Conflicts of interest

The authors declare no financial interest.


The authors commemorate Dipl-Ing Dr Mont. T. Schöberl, who was involved in performing the AFM study and who tragically lost his life in a traffic accident. The authors thank P. Zefferer for technical support, C. Mitterer and B. Putz for providing the sputtering device for synthesizing the MG and Pd nanofilms, and S. Ketov, and C. Gammer for fruitful discussions. The authors thank Prof. Andrey Chuvilin from CIC NanoGUNE, Spain, for technical support of TEM experiments and fruitful discussions. This work was supported by the European Research Council under the Advanced Grants “INTELHYB – Next generation of complex metallic materials in intelligent hybrid structures” (Grant ERC-2013-ADG-340025) and “ExtendGlass – Extending the range of the glassy state: Exploring structure and property limits in metallic glasses” (Grant ERC-2015-ADG-695487). Yu. P. I. acknowledges support under the grant no 3.7383.2017/8.9 of the Ministry of Science and Higher Education (Russia).


  1. P. Preuster, A. Alekseev and P. Wasserscheid, Annu. Rev. Chem. Biomol. Eng., 2017, 8, 445–471 CrossRef CAS PubMed .
  2. B. D. Adams and A. C. Chen, Mater. Today, 2011, 14, 282–289 CrossRef CAS .
  3. L. P. Bicelli, Int. J. Hydrogen Energy, 1986, 11, 555–562 CrossRef .
  4. D. L. Cummings and G. J. Powers, Ind. Eng. Chem. Process Des. Dev., 1974, 13, 182–192 CrossRef CAS .
  5. N. A. A. Rusman and M. Dahari, Int. J. Hydrogen Energy, 2016, 41, 12108–12126 CrossRef CAS .
  6. B. Sakintuna, F. Lamari-Darkrim and M. Hirscher, Int. J. Hydrogen Energy, 2007, 32, 1121–1140 CrossRef CAS .
  7. L. L. Jewell and B. H. Davis, Appl. Catal., A, 2006, 310, 1–15 CrossRef CAS .
  8. T. Tanaka, M. Keita and D. E. Azofeifa, Phys. Rev. B: Condens. Matter Mater. Phys., 1981, 24, 1771–1776 CrossRef CAS .
  9. L. Johnson, E. E. Donaldson and M. J. Dresser, J. Vac. Sci. Technol., 1972, 9, 857–860 CrossRef CAS .
  10. The Engineering ToolBox,, accessed 29/08/2018.
  11. M. U. Niemann, S. S. Srinivasan, A. R. Phani, A. Kumar, D. Y. Goswami and E. K. Stefanakos, J. Nanomater., 2008, 950967 Search PubMed .
  12. W. Grochala and P. P. Edwards, Chem. Rev., 2004, 104, 1283–1316 CrossRef CAS PubMed .
  13. X. Li, Z. N. Wang, Z. R. Zhang, G. Yang, M. S. Jin, Q. Chen and Y. D. Yin, Mater. Horiz., 2017, 4, 584–590 RSC .
  14. F. L. Meng, Z. W. Chang, J. J. Xu, X. B. Zhang and J. M. Yan, Mater. Horiz., 2018, 5, 298–302 RSC .
  15. G. Jimenez, E. Dillon, J. Dahlmeyer, T. Garrison, T. Garrison, S. Darkey, K. Wald, J. Kubik, D. Paciulli, M. Talukder, J. Nott, M. Ferrer, J. Prinke, P. Villaneuva, F. Massicotte, K. Rebeiz, S. Nesbit and A. Craft, Adv. Chem. Eng. Sci., 2016, 06, 246–261 CrossRef CAS .
  16. T. B. Massalski, Y. W. Kim, L. F. Vassamillet and R. W. Hopper, Mater. Sci. Eng., 1981, 47, P1–P11 CrossRef CAS .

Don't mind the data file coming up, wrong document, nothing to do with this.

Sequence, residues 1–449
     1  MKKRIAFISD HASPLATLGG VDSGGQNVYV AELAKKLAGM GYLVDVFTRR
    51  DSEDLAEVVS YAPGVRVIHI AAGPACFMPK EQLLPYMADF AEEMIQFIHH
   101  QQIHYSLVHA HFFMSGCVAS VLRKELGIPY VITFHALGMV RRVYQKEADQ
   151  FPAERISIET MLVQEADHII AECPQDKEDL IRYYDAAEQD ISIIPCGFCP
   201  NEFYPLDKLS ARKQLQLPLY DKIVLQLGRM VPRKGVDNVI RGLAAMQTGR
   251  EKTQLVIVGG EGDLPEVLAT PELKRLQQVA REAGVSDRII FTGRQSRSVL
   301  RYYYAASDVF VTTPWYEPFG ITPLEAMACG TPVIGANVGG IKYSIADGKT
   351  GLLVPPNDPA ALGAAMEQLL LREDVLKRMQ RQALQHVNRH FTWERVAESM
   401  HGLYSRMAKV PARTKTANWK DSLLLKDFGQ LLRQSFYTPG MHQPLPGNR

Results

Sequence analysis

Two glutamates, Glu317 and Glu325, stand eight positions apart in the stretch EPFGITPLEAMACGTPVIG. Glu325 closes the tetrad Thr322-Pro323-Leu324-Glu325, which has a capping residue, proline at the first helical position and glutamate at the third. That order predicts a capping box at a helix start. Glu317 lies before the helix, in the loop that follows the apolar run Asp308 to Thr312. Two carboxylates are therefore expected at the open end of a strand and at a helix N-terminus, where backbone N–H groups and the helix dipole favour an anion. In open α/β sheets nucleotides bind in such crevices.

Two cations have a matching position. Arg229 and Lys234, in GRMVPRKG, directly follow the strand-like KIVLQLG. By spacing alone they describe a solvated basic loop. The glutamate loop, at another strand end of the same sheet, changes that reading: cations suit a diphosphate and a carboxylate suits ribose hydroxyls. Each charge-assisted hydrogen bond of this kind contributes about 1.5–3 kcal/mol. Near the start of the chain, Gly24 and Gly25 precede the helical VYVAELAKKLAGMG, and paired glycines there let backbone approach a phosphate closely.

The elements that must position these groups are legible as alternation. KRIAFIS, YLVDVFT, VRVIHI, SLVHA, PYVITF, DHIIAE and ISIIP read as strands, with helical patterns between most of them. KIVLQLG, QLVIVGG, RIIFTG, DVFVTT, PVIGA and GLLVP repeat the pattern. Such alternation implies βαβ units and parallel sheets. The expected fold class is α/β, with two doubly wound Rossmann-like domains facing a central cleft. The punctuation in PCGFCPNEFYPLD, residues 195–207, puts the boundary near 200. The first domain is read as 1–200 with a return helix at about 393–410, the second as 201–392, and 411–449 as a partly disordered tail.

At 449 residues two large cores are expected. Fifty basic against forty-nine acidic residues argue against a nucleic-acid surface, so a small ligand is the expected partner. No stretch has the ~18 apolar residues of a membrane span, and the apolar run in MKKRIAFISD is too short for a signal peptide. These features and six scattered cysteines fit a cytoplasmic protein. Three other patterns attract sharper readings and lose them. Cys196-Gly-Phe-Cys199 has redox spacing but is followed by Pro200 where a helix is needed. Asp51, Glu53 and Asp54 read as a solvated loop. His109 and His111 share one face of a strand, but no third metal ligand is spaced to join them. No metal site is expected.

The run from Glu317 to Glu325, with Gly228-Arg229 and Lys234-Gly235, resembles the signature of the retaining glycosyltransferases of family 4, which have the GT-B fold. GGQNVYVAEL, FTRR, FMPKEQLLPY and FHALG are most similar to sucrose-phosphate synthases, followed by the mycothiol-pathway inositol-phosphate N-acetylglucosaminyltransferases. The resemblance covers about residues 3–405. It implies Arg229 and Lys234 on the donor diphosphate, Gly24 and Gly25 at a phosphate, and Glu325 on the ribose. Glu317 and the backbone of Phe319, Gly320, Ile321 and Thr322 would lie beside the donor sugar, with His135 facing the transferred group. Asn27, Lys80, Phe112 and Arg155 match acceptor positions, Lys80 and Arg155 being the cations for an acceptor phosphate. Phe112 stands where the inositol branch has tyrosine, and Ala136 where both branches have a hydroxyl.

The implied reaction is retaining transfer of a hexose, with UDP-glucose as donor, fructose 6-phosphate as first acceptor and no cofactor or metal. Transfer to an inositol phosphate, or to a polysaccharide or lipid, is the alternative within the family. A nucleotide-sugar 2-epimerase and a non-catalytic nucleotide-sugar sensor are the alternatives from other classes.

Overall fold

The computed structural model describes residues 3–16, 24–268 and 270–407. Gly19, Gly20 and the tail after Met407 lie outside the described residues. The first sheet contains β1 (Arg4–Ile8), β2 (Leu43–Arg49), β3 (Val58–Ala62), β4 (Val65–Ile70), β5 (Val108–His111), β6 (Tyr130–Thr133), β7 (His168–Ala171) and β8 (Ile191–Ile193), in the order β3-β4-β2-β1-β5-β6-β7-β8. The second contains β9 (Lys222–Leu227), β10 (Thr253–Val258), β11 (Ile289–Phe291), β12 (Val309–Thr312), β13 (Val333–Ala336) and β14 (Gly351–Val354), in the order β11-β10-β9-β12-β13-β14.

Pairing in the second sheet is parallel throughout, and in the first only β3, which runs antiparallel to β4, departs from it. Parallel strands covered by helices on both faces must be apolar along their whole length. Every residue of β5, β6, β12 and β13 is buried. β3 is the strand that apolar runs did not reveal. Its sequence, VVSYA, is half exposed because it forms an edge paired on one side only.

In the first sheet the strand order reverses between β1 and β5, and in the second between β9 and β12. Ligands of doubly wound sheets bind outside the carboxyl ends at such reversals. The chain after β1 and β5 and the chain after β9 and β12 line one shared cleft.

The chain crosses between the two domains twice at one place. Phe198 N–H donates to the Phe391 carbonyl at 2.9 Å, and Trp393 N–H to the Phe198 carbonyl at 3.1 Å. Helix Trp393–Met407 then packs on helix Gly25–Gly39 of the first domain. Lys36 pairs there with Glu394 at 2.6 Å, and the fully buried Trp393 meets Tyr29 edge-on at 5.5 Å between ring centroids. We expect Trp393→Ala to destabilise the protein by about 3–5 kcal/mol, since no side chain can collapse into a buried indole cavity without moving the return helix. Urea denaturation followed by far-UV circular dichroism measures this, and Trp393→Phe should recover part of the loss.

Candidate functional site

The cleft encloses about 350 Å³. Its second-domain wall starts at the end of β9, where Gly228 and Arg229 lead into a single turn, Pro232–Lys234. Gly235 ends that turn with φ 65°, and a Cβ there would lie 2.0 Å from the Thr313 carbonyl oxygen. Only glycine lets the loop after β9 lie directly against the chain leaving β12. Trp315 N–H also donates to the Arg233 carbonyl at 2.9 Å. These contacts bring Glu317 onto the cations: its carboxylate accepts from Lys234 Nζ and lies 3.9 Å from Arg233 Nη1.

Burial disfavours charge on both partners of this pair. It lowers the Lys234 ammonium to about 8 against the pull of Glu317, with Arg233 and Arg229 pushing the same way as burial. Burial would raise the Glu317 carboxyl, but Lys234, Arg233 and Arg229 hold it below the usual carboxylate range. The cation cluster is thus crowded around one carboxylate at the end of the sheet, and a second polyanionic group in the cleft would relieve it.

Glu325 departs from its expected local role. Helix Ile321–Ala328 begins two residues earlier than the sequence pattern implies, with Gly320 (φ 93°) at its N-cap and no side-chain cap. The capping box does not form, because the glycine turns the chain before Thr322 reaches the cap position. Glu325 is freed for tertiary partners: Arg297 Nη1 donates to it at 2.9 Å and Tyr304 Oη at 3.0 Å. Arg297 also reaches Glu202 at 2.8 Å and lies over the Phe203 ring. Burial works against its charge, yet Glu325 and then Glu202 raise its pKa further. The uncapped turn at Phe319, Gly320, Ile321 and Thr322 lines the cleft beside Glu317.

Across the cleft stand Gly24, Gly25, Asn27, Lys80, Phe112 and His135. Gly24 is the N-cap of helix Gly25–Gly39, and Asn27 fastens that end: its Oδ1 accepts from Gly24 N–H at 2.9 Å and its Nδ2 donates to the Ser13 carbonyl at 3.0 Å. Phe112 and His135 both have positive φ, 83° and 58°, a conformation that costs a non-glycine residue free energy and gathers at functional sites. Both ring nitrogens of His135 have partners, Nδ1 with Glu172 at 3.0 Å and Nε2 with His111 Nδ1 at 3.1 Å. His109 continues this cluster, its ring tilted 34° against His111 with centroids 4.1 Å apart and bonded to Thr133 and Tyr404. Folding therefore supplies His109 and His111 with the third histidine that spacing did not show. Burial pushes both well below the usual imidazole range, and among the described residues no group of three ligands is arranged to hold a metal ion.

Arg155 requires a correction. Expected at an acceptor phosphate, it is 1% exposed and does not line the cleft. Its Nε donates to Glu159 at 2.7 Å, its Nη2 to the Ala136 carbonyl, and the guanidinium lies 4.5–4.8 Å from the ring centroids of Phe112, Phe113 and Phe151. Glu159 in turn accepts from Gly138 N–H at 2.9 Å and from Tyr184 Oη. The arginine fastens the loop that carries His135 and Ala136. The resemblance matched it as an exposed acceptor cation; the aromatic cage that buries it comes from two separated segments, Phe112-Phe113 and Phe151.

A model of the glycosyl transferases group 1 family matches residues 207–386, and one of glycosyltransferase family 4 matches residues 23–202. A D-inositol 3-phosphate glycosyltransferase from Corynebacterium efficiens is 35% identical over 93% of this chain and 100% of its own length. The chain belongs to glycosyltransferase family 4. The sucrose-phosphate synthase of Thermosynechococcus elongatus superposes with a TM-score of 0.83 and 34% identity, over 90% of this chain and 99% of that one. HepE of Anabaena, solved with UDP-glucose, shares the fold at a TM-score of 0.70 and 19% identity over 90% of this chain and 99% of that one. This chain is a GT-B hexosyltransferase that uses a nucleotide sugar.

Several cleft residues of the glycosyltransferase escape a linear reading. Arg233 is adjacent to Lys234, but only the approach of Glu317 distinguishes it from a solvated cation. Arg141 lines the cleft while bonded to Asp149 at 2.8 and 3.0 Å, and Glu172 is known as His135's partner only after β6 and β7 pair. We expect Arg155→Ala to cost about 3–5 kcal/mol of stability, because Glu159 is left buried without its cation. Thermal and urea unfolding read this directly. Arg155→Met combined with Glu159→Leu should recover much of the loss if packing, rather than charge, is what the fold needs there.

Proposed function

17. B. Sarac, T. Karazehir, M. Mühlbacher, B. Kaynak, C. Gammer, T. Schöberl, A. S. Sarac and J. Eckert, ACS Appl. Energy Mater., 2018, 1, 2630–2646 CrossRef CAS .
  18. F. Spaepen, Scr. Mater., 2006, 54, 363–367 CrossRef CAS .
  19. G. Q. Yue, Y. Zhang, Y. Sun, B. Shen, F. Dong, Z. Y. Wang, R. J. Zhang, Y. X. Zheng, M. J. Kramer, S. Y. Wang, C. Z. Wang, K. M. Ho and L. Y. Chen, Sci. Rep., 2015, 5, 08277 CrossRef CAS PubMed .
  20. S. Kajita, S. Kohara, Y. Onodera, T. Fukunaga and E. Matsubara, Mater. Trans., 2011, 52, 1807–1813 CrossRef CAS .
  21. D. Menshykau, I. Streeter and R. G. Compton, J. Phys. Chem. C, 2008, 112, 14428–14438 CrossRef CAS .
  22. P. Millet, M. Srour, R. Faure and R. Durand, Electrochem. Commun., 2001, 3, 478–482 CrossRef CAS .
  23. C. Gabrielli, P. P. Grand, A. Lasia and H. Perrot, J. Electrochem. Soc., 2004, 151, A1925–A1936 CrossRef CAS .
  24. A. R. Kucernak and C. Zalitis, J. Phys. Chem. C, 2016, 120, 10721–10745 CrossRef CAS .
  25. A. G. Revesz, J. Electrochem. Soc., 1979, 126, 122–130 CrossRef CAS .
  26. A. Maeland and T. B. Flanagan, J. Phys. Chem., 1964, 68, 1419–1426 CrossRef CAS .
  27. B. N. Dutta and B. Dayal, Phys. Status Solidi, 1963, 3, 2253–2259 CrossRef CAS .
  28. B. Baranowski, S. Majchrzak and T. B. Flanagan, J. Phys. F: Met. Phys., 1971, 1, 258–261 CrossRef CAS .
  29. R. Caputo and A. Alavi, Mol. Phys., 2003, 101, 1781–1787 CrossRef CAS .
  30. T. Fukunaga and K. Suzuki, Sci. Rep., 1980, 28, 208–217 CAS .
  31. T. Fukunaga and K. Suzuki, Sci. Rep., 1981, 29, 153–175 CAS .
  32. C. Fan, P. K. Liaw and C. T. Liu, Intermetallics, 2009, 17, 86–87 CrossRef CAS .
  33. L. Ward, D. Miracle, W. Windl, O. N. Senkov and K. Flores, Phys. Rev. B: Condens. Matter Mater. Phys., 2013, 88, 134205 CrossRef .
  34. R. Busch, A. Masuhr, E. Bakke and W. L. Johnson, Mater. Sci. Forum, 1998, 269–272, 547 CAS .
  35. L. Z. Zhao, R. J. Xue, Z. G. Zhu, Z. Lu, E. Axinte, W. H. Wang and H. Y. Bai, J. Appl. Phys., 2014, 116, 103516 CrossRef .
  36. R. K. Singh, R. Ramesh, R. Devivaraprasad, A. Chakraborty and M. Neergat, Electrochim. Acta, 2016, 194, 199–210 CrossRef CAS .
  37. F. A. Lewis, Platinum Met. Rev., 1960, 4, 132–137 CAS .
  38. L. Birry and A. Lasia, Electrochim. Acta, 2006, 51, 3356–3364 CrossRef CAS .
  39. M. Łukaszewski, K. Hubkowska, U. Koss and A. Czerwiński, Materials, 2013, 6, 4817–4835 CrossRef PubMed .
  40. M. Baldauf and D. M. Kolb, Electrochim. Acta, 1993, 38, 2145–2153 CrossRef CAS .
  41. R. Kirchheim and A. Pundt, in Physical Metallurgy ed. D. E. Laughlin and K. Hono, Elsevier, Oxford, 5th edn, 2014, ch. 25, pp. 2597–2705,  DOI:10.1016/B978-0-444-53770-6.00025-3 .
  42. D. Karlsson, G. Ek, J. Cedervall, C. Zlotea, K. T. Moller, T. C. Hansen, J. Bednarcik, M. Paskevicius, M. H. Sorby, T. R. Jensen, U. Jansson and M. Sahlberg, Inorg. Chem., 2018, 57, 2103–2110 CrossRef CAS PubMed .
  43. M. Sahlberg, D. Karlsson, C. Zlotea and U. Jansson, Sci. Rep., 2016, 6, 36770 CrossRef CAS PubMed .
  44. J. Chen, S. L. Li, Z. L. Tao, Y. T. Shen and C. X. Cui, J. Am. Chem. Soc., 2003, 125, 5284–5285 CrossRef CAS PubMed .
  45. T. Mittermeier, A. Weiss, H. A. Gasteiger and F. Hasche, J. Electrochem. Soc., 2017, 164, F1081–F1089 CrossRef CAS .
  46. E. Fromm and G. Hörz, Int. Met. Rev., 1980, 25, 269–311 CAS .


Electronic supplementary information (ESI) available. See DOI: 10.1039/c9mh00316a

This journal is © The Royal Society of Chemistry 2019